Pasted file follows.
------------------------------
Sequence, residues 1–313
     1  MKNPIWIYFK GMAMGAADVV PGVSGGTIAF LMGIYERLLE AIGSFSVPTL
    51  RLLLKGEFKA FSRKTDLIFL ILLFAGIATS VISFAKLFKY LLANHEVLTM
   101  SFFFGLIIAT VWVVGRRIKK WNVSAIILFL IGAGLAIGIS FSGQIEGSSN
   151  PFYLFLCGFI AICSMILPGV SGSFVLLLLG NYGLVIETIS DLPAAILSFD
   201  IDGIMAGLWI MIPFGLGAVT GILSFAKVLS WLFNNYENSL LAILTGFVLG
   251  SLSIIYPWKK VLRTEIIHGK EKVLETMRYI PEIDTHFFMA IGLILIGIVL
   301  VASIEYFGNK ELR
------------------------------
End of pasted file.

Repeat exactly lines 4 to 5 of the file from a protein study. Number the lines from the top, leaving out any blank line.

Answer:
   101  SFFFGLIIAT VWVVGRRIKK WNVSAIILFL IGAGLAIGIS FSGQIEGSSN
   151  PFYLFLCGFI AICSMILPGV SGSFVLLLLG NYGLVIETIS DLPAAILSFD